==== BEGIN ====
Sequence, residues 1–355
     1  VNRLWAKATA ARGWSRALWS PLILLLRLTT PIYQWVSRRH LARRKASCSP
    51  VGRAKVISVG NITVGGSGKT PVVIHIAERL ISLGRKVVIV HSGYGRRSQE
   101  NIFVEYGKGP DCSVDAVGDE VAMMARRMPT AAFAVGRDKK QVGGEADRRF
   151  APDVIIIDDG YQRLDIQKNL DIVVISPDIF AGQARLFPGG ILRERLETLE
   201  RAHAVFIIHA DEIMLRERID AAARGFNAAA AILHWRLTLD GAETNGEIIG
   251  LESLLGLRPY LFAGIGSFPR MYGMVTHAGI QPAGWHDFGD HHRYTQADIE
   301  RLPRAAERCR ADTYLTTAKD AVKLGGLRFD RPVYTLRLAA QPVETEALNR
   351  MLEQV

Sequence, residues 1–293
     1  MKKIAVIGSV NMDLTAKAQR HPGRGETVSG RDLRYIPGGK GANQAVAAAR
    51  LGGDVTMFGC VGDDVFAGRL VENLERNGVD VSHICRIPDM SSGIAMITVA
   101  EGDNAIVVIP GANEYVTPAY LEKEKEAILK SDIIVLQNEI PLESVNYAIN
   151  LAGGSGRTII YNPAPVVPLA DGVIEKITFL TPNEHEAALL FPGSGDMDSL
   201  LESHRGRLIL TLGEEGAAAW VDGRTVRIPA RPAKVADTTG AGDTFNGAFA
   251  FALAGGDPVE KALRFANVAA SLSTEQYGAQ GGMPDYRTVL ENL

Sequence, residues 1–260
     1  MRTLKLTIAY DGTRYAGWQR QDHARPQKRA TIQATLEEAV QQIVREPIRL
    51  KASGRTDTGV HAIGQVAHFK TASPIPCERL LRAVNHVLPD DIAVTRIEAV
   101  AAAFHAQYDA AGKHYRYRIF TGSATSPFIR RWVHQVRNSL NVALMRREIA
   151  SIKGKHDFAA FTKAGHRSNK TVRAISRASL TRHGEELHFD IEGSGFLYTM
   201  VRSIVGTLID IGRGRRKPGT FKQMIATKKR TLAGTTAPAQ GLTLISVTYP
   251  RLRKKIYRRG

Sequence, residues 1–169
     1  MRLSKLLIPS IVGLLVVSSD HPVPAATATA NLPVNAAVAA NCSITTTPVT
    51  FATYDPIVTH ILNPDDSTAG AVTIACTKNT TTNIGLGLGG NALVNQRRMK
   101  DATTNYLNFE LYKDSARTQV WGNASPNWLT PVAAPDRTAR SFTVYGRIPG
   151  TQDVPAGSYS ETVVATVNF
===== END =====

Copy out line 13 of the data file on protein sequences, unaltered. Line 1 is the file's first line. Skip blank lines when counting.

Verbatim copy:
   101  EGDNAIVVIP GANEYVTPAY LEKEKEAILK SDIIVLQNEI PLESVNYAIN